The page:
Las Lajas is a campsite and recreation area sitting at around the 7,000ft/2,100mtr altitude on the main road from the south of the island to the Teide National Park. I set out on this walk on a beautiful morning and headed for a path contouring around Montana de Las Lajas and descended a very steep, slippery and eroded path enjoying the stunning views towards the south coast and to nearby Montana Colorada.
View to Ifonche & the coast
As the path levelled out a little, some circular stone constructions indicated the location of a silvicultural settlement in an area where the pine trees had been exploited for a medicinal oil called 'miera' in the early 1900's.
Basaltic rock formations in the Barranco del Cuervo
Descending further, I was startled by the sudden appearance of three female moufflon sheep running through the trees and across my path a few metres ahead and watched as they disappeared into the trees as quickly as they had materialised . The moufflon are a non-native species introduced in 1970 for hunting purposes and though they are still present on the island, they are extremely elusive and this was only my third sighting of them in around twenty years of walking on the island.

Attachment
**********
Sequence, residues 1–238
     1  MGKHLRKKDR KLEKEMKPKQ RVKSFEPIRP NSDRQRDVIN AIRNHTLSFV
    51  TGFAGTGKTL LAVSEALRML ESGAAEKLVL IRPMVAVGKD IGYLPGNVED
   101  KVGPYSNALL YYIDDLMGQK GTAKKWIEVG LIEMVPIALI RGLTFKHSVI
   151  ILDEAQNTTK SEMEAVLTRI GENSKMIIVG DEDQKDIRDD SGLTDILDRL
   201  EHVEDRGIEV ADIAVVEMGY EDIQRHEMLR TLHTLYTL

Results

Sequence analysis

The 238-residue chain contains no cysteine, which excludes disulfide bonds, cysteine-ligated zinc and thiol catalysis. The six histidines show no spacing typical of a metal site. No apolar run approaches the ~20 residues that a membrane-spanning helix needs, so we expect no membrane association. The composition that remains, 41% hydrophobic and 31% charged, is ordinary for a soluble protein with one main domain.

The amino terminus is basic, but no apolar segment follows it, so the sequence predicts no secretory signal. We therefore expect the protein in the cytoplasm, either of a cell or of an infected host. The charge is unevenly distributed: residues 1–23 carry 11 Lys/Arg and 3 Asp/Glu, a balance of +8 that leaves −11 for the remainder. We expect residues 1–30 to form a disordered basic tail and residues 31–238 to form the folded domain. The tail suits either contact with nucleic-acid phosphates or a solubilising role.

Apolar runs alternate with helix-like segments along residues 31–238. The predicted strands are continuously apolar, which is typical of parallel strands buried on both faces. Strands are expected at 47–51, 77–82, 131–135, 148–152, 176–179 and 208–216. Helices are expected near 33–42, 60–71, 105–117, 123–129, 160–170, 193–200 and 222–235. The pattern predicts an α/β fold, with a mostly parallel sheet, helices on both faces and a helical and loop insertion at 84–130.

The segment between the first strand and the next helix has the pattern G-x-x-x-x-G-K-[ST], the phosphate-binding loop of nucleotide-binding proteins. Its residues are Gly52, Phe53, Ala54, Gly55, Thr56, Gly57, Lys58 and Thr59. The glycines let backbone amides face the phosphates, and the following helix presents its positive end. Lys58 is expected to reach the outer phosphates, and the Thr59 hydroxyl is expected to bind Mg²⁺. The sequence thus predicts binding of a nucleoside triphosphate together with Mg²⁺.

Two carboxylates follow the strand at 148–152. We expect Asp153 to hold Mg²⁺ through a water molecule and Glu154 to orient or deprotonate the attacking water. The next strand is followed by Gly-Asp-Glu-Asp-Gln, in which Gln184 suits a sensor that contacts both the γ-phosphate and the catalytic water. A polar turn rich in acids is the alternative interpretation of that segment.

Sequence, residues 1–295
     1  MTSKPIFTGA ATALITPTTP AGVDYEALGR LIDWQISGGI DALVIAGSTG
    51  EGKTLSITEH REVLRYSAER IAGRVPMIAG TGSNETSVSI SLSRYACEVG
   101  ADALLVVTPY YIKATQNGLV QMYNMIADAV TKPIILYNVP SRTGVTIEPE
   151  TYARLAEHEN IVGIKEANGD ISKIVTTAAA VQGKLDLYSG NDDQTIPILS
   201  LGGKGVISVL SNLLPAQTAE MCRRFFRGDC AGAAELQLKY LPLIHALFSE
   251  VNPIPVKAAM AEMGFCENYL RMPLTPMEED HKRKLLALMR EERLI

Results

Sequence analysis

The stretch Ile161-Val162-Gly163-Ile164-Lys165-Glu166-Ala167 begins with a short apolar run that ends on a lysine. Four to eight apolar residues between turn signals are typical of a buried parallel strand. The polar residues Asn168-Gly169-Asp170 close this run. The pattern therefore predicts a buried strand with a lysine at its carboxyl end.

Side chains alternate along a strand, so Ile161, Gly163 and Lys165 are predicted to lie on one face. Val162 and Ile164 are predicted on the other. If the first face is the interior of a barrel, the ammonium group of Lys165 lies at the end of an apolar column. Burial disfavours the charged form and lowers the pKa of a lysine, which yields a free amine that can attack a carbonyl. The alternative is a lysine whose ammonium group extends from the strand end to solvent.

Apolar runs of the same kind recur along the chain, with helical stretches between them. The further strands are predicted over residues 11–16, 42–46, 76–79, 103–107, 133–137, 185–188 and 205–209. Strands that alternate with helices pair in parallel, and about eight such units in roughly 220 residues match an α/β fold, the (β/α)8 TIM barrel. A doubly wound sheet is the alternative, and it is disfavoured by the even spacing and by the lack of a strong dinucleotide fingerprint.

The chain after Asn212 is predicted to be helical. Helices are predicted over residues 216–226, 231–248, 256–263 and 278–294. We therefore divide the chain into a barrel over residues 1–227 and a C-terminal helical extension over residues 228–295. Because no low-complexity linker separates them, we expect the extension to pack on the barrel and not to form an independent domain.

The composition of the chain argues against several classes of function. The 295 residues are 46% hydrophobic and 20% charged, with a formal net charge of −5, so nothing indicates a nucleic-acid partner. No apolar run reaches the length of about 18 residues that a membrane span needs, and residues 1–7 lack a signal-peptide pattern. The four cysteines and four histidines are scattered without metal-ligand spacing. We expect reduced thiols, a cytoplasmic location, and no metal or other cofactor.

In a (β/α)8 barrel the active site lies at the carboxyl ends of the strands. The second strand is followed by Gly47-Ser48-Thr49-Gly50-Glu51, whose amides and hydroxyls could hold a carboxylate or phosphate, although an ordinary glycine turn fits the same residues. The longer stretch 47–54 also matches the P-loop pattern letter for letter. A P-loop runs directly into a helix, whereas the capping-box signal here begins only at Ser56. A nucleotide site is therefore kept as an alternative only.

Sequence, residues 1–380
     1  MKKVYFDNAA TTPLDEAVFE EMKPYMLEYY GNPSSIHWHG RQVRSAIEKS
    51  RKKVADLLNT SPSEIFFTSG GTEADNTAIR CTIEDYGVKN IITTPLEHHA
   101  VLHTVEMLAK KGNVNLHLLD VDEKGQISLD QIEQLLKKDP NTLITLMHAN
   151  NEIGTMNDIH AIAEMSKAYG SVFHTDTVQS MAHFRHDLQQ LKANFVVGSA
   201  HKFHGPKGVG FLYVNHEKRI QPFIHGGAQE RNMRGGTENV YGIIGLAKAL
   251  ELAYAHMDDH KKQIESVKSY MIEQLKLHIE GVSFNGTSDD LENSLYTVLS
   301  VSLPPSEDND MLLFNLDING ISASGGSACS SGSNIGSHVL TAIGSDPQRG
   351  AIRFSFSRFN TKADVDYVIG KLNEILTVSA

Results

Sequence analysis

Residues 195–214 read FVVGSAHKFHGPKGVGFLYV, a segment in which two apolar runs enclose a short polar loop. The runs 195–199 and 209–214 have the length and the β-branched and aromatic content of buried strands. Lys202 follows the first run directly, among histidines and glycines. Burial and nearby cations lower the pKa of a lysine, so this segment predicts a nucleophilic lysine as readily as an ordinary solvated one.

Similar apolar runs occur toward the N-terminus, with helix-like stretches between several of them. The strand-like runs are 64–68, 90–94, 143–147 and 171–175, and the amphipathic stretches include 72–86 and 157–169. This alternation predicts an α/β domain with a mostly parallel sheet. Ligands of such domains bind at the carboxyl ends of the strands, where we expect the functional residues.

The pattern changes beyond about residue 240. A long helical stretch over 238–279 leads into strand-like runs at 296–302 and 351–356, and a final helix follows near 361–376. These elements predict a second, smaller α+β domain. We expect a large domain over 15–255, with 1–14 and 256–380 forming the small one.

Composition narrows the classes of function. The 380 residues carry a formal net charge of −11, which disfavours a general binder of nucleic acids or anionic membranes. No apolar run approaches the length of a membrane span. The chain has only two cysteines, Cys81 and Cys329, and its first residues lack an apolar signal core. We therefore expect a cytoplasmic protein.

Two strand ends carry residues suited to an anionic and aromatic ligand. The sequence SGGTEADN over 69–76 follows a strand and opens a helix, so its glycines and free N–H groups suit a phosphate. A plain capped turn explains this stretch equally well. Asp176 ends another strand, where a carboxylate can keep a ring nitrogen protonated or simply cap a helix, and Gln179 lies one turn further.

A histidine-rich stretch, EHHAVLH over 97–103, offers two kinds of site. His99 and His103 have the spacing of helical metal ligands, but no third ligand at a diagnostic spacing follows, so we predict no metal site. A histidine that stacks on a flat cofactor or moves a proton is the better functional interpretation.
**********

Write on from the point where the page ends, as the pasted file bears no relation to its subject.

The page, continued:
Old silviculture settlement
The moufflon are responsible for damaging endemic plant species on the island and every year there are a number of culls to reduce the population. Soon, I reached the GR131 long distance path and followed it for a short distance across the impressive Barranco del Rey before leaving it for another barranco below the steep slopes of Alto de Chimoche.
Circling around the pine forested hill, I then picked up a forest track which signalled the start of a my long, steep ascent back to Las Lajas and the end of my walk.